|Founder: Len Mullenger||
Classical Editor: Rob Barnett
| Maurice OHANA (1914
Cello Concerto No.2: "in dark and blue" (1990)
TíHarân-Ngô for orchestra (1974)
Piano Concerto (1981)
Sonia Wieder-Atherton (cello)
Jean-Claude Pennetier (piano)
Luxembourg Philharmonic Orchestra conducted by Arturo Tamayo
Recorded in Luxembourg Conservatoire 1997
TIMPANI 1C1039 [65:20]
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A little background is needed on Maurice Ohana because, as the detailed but rather partisan notes reiterate, he is "one of the greatest composers" of 20th century music. I cannot forebear to note that the first web source I found on Ohana, my Concise Grove being rather brief, auto-translated his profession "compositeur" as "type-setter!" Ohana was born in Casablanca, Morocco in 1914 and trained as a musician in France. At the outbreak of the Second World War he moved from the Basque country to Rome where he studied with Casella. After discharge from the forces he settled in back in France and commenced a long career as a member of the avant-garde, producing a long list of works which won him many honours and much respect, but, it would seem, not a loyal audience. He died in November 1992. This disc of premieres and a companion reviewed elsewhere seems to be an attempt by his conductor friend Arturo Tamayo and the sleeve note writer, Belgian musicologist Harry Halbreich, to re-establish him to his rightful place in the 20th century hall of fame. So have they succeeded?
The 2nd Cello Concerto of 1990 that starts the disc is a lyrical and impassioned piece. It has moments of delicacy spiced with the occasional microtone. The orchestral part is redolent of Messiaen and Koechlin but seems less radical than either. As noted below one should not be fooled by this! The solo part is clearly challenging to play, including plentiful slides and tremolos. Central to the work is a blues passage (thus the subtitle "in dark and blue"), which integrates very well because the first part has already had hints of jazz style. After this interlude things speed up but the finale is nonetheless predominantly contemplative despite some big climaxes. This concerto is a strong piece and will repay repeated listening I am sure. The cellist Sonia Wieder-Atherton is absolutely superb.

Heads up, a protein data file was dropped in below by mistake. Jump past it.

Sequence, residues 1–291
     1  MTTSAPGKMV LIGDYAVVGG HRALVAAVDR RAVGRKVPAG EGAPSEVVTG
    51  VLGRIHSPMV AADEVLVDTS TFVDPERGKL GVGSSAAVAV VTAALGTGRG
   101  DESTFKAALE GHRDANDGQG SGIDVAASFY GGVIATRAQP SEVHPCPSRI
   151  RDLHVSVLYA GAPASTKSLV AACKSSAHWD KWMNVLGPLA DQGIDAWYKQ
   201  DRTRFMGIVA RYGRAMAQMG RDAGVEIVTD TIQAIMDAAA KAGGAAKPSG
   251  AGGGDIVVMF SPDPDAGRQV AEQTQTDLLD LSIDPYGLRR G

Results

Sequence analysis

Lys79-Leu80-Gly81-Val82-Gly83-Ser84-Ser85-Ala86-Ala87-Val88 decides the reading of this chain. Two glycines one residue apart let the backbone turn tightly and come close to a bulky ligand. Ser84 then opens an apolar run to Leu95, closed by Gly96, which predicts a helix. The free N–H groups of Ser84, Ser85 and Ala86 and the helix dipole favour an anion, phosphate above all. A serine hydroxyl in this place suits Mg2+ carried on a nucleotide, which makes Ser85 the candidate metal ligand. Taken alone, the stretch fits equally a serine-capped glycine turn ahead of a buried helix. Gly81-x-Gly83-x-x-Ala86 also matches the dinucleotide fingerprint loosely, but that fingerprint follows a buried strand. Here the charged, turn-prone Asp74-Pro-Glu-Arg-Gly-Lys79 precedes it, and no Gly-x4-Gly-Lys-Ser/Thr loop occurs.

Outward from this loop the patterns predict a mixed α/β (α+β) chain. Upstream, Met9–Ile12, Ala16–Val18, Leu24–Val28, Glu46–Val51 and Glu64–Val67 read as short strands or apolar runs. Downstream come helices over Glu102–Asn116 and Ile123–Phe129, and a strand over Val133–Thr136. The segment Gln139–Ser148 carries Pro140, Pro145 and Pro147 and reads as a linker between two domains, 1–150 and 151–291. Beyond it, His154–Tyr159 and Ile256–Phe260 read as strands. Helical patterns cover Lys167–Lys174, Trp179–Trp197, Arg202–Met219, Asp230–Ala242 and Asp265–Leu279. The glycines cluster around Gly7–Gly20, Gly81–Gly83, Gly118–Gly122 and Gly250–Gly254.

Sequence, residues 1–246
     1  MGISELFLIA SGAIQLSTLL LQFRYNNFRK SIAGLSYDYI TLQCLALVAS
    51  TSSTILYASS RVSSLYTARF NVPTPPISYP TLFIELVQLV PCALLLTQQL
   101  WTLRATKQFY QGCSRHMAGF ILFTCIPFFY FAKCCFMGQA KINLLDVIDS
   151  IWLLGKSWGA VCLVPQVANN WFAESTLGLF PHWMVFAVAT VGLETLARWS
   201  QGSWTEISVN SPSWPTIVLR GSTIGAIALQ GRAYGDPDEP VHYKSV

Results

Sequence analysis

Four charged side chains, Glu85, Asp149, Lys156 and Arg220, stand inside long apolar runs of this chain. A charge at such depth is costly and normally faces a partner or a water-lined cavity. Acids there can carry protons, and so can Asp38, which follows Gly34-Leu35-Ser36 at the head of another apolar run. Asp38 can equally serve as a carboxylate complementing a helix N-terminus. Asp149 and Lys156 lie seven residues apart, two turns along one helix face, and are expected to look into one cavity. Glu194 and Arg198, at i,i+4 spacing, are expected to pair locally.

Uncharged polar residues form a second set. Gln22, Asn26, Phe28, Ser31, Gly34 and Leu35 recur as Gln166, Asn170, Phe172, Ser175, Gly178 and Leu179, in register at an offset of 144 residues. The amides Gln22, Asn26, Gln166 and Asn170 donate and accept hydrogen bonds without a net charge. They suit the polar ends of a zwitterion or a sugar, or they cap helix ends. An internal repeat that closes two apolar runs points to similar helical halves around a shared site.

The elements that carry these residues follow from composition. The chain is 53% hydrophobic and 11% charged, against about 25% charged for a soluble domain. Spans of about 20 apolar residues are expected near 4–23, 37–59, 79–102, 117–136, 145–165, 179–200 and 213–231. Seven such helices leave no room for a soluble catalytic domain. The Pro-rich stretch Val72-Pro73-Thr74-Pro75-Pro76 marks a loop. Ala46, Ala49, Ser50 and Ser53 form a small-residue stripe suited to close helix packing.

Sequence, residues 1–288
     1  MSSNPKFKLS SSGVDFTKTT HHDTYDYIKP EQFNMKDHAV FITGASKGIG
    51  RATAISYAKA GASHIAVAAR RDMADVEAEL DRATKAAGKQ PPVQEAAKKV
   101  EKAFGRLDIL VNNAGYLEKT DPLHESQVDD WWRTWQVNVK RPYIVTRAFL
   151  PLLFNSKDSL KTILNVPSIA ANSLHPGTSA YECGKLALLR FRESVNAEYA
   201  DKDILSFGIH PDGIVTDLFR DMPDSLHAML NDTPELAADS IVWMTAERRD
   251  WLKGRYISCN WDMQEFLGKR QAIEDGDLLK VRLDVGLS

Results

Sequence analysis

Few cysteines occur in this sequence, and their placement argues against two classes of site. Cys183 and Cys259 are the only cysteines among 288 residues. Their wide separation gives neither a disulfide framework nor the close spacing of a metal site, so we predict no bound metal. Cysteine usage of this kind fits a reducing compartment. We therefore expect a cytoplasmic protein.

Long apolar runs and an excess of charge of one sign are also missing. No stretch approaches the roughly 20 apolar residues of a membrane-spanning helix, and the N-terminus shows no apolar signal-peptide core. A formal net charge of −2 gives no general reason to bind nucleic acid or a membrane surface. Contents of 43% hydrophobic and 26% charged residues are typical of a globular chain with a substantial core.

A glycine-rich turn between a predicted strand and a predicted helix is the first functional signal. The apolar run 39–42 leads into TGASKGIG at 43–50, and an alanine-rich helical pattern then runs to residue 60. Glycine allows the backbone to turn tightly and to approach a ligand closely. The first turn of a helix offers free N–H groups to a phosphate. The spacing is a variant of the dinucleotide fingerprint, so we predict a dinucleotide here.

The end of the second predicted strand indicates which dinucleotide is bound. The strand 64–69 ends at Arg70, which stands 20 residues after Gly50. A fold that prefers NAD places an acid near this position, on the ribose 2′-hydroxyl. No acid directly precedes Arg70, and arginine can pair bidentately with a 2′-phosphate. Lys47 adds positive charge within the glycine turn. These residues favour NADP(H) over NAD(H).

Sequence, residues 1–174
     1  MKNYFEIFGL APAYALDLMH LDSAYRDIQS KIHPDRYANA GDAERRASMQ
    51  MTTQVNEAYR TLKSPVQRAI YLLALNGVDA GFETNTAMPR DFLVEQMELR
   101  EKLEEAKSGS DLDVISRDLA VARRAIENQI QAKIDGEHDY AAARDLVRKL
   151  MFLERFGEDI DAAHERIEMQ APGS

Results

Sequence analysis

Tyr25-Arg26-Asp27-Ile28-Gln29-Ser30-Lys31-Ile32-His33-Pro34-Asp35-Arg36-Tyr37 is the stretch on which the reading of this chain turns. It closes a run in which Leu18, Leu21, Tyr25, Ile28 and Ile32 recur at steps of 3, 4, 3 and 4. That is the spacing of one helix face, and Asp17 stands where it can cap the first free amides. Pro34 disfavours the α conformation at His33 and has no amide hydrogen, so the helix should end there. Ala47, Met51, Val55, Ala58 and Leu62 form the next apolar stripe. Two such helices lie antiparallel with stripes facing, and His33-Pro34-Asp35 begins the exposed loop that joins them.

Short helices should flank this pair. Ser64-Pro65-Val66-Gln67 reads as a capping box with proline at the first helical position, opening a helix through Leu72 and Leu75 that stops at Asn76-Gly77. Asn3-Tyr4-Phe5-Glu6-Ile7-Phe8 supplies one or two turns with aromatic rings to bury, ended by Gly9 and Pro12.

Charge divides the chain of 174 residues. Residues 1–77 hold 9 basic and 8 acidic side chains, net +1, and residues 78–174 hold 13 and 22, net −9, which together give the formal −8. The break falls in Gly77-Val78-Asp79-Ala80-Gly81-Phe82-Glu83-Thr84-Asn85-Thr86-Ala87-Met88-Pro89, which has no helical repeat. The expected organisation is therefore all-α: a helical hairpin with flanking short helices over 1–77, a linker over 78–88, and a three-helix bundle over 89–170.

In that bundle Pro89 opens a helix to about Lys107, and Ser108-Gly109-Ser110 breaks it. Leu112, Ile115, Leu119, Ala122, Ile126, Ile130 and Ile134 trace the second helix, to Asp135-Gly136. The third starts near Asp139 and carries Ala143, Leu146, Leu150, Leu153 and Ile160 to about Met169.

The second piece TíHarân-Ngô for orchestra is exciting to listen to and, like the entire CD is in excellent sound. It is much more radical than the Cello Concerto, in fact I found it typical of the eclectic avant-garde in that one can hear touches of Ligeti, Boulez, Varèse and even Stravinsky (some fat wind chords reminded me of Le Sacre) as well as Messiaen. There are lots of string microtones and mysterious percussion effects, atmospheric stuff which has little to do with the ethnic dances that we are told act as an inspiration. The title Ngô is apparently derived from the dances and instruments including those letters in their names, tango, fandango, bongo. (Iím not making this up!). Half way through, the texture becomes unevenly rhythmic with ear-tickling percussion effects. The piece does not outstay its welcome and is interesting to listen to.
The last piece, the Piano Concerto of 1981, is again more radical than the Cello Concerto. The soloist plays alone to begin with, a slow series of chords. The orchestra plays some unrelated (to my ears) music and then the pianist returns. The combination sounded oddly like a piano solo by Messiaen having wandered into an orchestral accompaniment by Gershwin, but the latter never bursts into tune. The tempo increases, the textures thicken and Ohana brings in a sizeable battery of percussion to enliven the aural palette with various ticks, clangs and hisses. As an exercise in resonance this is interesting to hear. But as music it falls into the plink-plank-plonk school of composition insofar as the ear cannot predict and thus anything goes and any subsequent sounds have to be accepted. Unhelpfully, the whole concerto is on one track so Halbreichís commentary about the four movements canít be followed. Certainly the music itself does not help. The sounds do often tickle the ear and are sometimes beautiful, Ohana can use his orchestra very well. The piece ends with a fairly wild and rhythmic passage, including lots of hitting of things, that could almost come from Turangalîla. It is a virtuoso piece, no doubt. Whether I would wish to hear it twice, is in doubt. And whether Ohana is one of the greatest 20th century composers will depend entirely on your attitude to the avant-garde. If you enjoy Messiaen as light entertainment and listen to Xenakis when your soul needs uplifting then you might agree.
See also review by Peter Woolf
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